Nightmare in Atlantic City

A large alimony settlement isn’t always to one’s advantage. My husband, a member of a super wealthy family and a major executive at an advertising agency, decided to trade me in for a younger, thinner, blonder and most importantly, an un-addicted model. To make his coke-head wife go away as quickly as possible, he pays me a healthy amount of alimony, in addition to a hefty cash settlement. Adding to this amount was the equity from the sale of several of our joint properties, excluding the Cape May beach house. To keep me from kicking up a fuss, he gave it to me, with the condition I never contact him or his wife directly again.

My marriage didn’t include children and with my new financial freedom, I decided it was time to pursue my art and become a permanent resident of Cape May.  After such an acrimonious divorce, the quiet of early autumn in Cape May was soothing. I’d wake up in the early morning and take long walks along the beach with Honey, my rescued greyhound. The afternoons were spent in front of my easel or my sketchpad.  Evenings were spent visiting friends or summer residences at one of the great restaurants the small city was so known for. We would of course top that off with several lines of cocaine.

Something I noticed, but didn’t make note of was as winter approached and the restaurants closed up I didn’t take into account how deserted Cape May became. Yes, it had its share of local residents; but like any place in the Mid-Atlantic region, when the temperature dropped, those local residents retreated indoors. Suddenly I found myself isolated in a desolate Cape May. With vacations over, my New York and Philadelphia pals had made themselves scarce. That presented a problem. Where would I get my coke? Finally, after several texts and calls, one of my Philadelphia friends set me up with a connection in Atlantic City.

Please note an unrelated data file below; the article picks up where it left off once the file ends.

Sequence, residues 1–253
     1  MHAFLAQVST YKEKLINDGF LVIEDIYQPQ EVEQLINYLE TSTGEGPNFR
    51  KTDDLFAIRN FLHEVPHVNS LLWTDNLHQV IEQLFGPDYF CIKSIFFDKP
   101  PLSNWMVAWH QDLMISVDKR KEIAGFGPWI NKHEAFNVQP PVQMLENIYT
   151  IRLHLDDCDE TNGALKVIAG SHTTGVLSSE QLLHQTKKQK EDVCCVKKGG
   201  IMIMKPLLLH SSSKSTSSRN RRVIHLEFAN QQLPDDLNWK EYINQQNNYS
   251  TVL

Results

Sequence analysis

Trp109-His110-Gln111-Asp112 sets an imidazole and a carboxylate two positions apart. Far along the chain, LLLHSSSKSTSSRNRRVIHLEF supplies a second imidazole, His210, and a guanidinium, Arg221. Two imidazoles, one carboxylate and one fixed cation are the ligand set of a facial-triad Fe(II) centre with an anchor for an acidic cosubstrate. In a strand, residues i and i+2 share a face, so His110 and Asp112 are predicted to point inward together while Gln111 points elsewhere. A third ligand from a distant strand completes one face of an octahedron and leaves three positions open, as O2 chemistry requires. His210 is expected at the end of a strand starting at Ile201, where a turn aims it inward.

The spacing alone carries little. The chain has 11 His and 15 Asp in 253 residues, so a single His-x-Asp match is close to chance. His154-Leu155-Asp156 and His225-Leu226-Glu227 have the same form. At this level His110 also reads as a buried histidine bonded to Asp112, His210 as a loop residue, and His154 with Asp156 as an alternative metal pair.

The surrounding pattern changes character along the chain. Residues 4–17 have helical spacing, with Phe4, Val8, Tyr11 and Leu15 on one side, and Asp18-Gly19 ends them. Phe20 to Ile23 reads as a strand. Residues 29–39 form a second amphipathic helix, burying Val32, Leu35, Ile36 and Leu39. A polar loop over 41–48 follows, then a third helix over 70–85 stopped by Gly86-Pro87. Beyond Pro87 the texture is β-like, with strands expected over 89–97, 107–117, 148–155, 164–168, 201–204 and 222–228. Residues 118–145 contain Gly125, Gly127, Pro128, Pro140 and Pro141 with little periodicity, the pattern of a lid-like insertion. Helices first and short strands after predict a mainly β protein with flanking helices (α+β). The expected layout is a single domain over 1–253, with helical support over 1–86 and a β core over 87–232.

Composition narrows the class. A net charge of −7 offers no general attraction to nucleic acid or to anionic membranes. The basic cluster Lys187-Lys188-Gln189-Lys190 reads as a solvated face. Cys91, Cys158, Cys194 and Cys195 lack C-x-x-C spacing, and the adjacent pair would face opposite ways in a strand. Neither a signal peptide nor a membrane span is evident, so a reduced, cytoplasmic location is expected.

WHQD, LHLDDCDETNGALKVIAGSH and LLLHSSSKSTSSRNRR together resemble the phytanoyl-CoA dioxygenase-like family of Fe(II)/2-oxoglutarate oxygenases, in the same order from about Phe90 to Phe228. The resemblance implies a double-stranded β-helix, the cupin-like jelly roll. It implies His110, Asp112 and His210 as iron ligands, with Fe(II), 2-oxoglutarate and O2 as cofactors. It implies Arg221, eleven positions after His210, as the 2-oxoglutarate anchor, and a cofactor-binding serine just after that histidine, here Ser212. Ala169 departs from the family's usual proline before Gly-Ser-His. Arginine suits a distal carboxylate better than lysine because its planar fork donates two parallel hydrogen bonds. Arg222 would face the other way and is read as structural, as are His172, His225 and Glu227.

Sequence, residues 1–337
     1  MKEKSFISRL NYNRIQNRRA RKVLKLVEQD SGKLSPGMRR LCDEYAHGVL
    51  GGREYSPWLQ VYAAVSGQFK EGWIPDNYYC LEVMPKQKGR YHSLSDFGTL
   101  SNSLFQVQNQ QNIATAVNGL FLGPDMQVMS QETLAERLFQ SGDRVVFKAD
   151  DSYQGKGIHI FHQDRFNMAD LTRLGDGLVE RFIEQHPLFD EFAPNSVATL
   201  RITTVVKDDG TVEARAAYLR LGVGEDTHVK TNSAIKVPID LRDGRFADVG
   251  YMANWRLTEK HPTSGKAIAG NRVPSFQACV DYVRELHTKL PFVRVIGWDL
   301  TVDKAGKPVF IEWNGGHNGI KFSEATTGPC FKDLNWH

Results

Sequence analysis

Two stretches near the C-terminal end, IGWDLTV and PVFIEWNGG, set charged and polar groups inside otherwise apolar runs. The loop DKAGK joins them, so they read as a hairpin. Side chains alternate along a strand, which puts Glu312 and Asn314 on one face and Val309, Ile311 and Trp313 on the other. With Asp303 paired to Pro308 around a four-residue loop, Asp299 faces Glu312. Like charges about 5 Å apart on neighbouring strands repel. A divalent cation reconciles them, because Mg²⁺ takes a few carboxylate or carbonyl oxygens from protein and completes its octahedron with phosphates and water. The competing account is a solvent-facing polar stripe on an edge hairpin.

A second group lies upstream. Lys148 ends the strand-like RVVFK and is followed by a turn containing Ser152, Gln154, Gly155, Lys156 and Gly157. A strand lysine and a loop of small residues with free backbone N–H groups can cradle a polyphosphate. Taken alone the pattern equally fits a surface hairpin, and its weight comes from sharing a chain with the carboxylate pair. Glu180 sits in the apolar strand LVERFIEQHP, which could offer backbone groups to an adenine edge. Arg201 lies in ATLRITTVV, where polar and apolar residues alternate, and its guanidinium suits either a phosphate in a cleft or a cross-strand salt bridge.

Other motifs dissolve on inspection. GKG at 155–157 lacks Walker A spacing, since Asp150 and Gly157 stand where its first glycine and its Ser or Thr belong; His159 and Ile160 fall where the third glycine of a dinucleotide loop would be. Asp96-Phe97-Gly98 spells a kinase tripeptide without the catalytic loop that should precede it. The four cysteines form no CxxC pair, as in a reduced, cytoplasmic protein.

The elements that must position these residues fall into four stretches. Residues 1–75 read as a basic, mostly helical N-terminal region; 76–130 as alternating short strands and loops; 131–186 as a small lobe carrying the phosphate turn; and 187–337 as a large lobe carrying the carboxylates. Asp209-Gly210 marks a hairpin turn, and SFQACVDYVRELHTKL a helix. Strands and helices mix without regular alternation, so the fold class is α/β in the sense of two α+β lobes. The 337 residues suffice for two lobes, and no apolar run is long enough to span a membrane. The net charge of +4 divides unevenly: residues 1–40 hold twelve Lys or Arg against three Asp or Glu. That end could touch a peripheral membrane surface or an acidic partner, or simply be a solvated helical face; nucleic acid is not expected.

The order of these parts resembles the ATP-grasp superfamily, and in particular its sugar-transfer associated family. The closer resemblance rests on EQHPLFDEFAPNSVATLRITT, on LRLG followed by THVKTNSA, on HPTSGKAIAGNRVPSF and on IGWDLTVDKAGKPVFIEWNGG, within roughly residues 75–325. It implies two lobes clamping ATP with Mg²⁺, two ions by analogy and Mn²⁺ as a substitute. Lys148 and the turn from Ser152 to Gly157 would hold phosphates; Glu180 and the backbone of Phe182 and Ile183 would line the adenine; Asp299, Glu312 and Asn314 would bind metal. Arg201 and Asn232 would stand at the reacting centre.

I had known in the back of my mind my cocaine addiction was going to lead to trouble. Though I refused to acknowledge it, it was the reason my marriage ended. I suspected it was also the reason my art had stagnated. But as long as I could snort, what did I care? Out of product, I had no choice but to make the hour-long drive to Atlantic City, one of the most dangerous places in America.

Unfamiliar with the area, I never found what I was looking for. Instead, I was held at gunpoint, dragged from my Audi, beaten, robbed and left alone on the street. With no coat and terrified, I made my way to one of the casinos where I called the police.  I wasn’t high when I hit bottom and finally realized I needed help for my drug addiction. I took the right steps to get help and clean both my life and myself up.

Helene - Cape May, NJ

Contact the National Alcoholism and Substance Abuse Information Center (NASAIC) anytime toll-free at (800) 784-6776 or through our online form, and we will recommend the leading drug and alcohol rehab centers for you or your loved one.